5. Chaos. Old-line in the spirit of the late Momus parade. Good satire.

6. Endymion. Carnival’s biggest parade can be the backdrop for an evening-long party. But please, come back to Canal Street.

7. Le Krewe D’Etat. No satirical krewe does a better job at depicting its characters that does this sassy all-male krewe.

8. Hermes. Neon lights. Flambeaux. This smart parade lights the way on the Friday night before Mardi Gras.

9. Muses. Good satire, great throws – this all-female krewe has enlivened Carnival.

10. Caesar. Big, colorful and celebrity filled. This is Jefferson parish’s best parade.

11. Alla. Float builder Blaine Kern’s test laboratory for design, this is easily the West Bank’s best.

12. Mid-City. One of the very best day-time parades. Floats designed with colored foils give the parade a one-of-a-kind look.

13. Zulu. It is big. It is colorful. The theme seldom makes sense, but that doesn’t matter. Zulu rules.

14. Babylon. This is a good, old fashioned parade of the size and scale that parades used to be – and maybe still should be.

15. Sparta. Each year, this is the first to march and one of the best of the night parades. Sparta tries to do it right.

16. Zeus. Longevity is yet another sign of success.

17. Thoth. As it expands its line of signature floats, this krewe gets stronger. It is already endearing because of its serpentine route past health care institutions.

18. Ancient Druids. This is the krewe for people who are active in other krewes so that they can have have a ride without worry. Occasional good dry humor.

19. Carrollton. Each year, the first of the day parades. Seeing Carrollton is more than just parade viewing, it’s an urban tradition.

20. Tucks. This is a confederacy more than a krewe, but confederates have fun, too. Tucks is a whacky satirical group in the tradition of Animal House.

21. Iris. One of Carnival’s biggest parades, this all-female group usually has a force-fed generic theme but a good mix of bands. Nice parade for passing a pretty Sunday afternoon.

22. Okeanos. A Carnival classic, this venerable krewe is steady and efficient. Though not always spectacular, it’s reliable and deferent to tradition.

23. Pontchartrain. There have been good years and there have been bad years. This krewe has improved steadily and we cheer it in its desire to one day march in the Quarter.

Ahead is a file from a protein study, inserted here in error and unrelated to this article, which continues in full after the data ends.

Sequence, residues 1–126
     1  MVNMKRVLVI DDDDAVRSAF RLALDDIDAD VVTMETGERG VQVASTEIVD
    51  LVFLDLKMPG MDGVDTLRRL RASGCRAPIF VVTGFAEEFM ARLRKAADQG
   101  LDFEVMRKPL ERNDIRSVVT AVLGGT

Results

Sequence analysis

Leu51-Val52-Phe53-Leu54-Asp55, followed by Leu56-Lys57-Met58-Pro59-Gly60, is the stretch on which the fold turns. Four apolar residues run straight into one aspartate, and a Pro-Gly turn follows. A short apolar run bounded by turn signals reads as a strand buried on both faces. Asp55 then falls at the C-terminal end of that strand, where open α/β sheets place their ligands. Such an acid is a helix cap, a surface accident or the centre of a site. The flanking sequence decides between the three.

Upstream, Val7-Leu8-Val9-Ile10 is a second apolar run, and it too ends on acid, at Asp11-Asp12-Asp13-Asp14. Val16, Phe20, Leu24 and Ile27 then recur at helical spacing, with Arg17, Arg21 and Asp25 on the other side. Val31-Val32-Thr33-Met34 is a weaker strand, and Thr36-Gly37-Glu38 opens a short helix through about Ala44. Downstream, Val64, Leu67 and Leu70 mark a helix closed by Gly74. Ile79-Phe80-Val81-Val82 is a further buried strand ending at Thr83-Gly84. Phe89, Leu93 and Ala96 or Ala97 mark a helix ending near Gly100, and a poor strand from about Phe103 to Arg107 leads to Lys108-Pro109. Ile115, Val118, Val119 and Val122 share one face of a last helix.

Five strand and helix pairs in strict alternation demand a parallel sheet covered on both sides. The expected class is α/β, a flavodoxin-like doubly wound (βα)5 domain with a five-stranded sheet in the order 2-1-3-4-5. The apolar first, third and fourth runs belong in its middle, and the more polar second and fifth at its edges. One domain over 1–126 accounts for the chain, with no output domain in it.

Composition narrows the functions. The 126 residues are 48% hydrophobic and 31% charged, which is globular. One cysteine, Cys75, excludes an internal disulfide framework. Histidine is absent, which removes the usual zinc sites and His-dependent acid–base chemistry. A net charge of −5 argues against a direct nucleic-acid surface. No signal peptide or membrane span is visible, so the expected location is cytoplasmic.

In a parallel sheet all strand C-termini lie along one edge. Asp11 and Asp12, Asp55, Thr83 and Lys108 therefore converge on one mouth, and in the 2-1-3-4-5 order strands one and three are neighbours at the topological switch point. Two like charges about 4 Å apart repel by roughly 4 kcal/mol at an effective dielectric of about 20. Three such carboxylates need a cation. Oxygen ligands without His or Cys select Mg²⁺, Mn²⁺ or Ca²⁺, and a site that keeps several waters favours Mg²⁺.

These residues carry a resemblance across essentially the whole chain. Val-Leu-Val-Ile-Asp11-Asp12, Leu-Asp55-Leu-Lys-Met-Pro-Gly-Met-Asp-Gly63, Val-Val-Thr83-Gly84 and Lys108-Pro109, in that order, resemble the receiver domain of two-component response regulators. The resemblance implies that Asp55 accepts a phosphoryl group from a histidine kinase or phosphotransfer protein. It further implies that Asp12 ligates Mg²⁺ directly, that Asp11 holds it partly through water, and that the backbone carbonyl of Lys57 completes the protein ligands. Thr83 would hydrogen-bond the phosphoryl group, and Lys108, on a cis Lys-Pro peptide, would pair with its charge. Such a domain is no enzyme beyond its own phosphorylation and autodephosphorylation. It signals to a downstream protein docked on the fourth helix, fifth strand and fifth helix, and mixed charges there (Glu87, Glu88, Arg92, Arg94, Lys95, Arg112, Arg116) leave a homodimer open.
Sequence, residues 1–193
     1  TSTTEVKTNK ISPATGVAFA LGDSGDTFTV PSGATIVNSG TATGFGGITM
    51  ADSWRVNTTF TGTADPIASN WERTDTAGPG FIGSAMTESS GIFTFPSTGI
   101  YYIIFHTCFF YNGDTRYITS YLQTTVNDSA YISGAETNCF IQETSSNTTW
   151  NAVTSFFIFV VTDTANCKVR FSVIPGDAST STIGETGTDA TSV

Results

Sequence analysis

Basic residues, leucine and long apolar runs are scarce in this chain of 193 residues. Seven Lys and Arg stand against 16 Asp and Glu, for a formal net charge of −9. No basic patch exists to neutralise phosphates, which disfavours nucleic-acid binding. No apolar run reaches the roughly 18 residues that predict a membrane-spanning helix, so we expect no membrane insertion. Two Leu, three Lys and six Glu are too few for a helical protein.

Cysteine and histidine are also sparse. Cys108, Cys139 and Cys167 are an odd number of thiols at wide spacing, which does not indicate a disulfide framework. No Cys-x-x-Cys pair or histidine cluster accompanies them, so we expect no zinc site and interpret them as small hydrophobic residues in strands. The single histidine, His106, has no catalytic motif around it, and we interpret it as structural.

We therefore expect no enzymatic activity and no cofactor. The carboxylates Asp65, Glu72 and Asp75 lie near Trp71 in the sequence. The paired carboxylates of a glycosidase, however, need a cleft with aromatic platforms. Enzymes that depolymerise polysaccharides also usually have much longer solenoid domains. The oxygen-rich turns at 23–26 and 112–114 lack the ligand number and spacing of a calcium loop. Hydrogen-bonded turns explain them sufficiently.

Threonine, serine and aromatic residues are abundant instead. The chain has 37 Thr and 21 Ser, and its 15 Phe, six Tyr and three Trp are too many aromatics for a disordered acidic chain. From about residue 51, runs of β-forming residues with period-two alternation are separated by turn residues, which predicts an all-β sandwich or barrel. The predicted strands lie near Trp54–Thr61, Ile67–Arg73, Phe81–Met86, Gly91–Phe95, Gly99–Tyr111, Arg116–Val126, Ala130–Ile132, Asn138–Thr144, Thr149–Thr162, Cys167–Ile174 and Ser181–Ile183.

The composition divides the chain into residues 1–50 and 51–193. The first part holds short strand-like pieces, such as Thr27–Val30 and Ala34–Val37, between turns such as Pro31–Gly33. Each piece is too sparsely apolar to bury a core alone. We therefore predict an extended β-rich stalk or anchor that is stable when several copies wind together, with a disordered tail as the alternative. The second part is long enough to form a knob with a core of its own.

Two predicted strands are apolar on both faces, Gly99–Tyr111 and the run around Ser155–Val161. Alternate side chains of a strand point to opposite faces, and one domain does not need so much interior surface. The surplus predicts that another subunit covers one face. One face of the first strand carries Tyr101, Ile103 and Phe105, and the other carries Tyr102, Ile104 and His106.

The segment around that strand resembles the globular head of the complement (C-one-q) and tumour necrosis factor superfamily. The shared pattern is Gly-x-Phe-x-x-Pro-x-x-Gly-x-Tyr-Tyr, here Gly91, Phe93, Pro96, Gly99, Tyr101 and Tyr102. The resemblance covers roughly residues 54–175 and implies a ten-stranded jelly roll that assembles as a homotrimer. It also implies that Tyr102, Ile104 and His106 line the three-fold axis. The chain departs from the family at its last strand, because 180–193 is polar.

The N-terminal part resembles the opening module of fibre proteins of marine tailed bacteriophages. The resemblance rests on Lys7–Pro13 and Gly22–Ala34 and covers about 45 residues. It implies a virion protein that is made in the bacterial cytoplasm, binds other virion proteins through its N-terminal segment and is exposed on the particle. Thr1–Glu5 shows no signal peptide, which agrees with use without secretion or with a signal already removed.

24. King Arthur. Though shared by Excalibur in Jefferson parish, its floats are quite nice. Like its namesake, the group has good intentions though it has still not quite reached Camelot.

25. (Tie) Morpheus/Pegasus. Morpheus got off to a bad start but is getting better; Pegasus has the potential. Neither can be judged by last year’s truncated parade schedule. Tune in next year.

Best date to remember
Feb. 5. Mardi Gras, 2008

Fleur de ListsBest costumed groups to see wandering the Quarter on Mardi Gras
1. Society of St. Ann. Descending from Marigny like a herd of velvety peacocks, this confederacy brings a charge of creative costuming as it works its way to Canal Street.

2. Ducks of Dixieland. Good satire. The group is easily identifiable by its signature papier mâché duck heads. They begin by marching with St. Ann and then, like all good ducks, fly in their own direction.

3. Mondo Cayo. After marching along the Rex parade route the group meanders toward Marigny to join St. Ann.

3. Cosmic Debris. Another St. Ann joiner, this band/walking group works its way through the Quarter, ending at Donna’s Bar & Grill – a haven from brass bands – on N. Rampart Street. The group’s names is less bizarre than some of its maskers.

Fleur de ListsTop 3 Suburban parades (Alphabetically)
• Alla. Sunday, Feb. 11, Noon. West Bank. Blaine Kern’s finalé as Captain should be special.

• Caesar. Saturday, Feb. 10, 6 p.m. Metairie. Hail Hydra, as Jefferson’s largest krewe shows off its magnificent triple-tandem floats. Caesar conquers!

• Zeus. Monday, Feb. 19, 6:30 p.m. Metairie. Celebrating its 50th anniversary this year, this is the krewe that began the suburban parading tradition – Kenner’s Comus, if you will.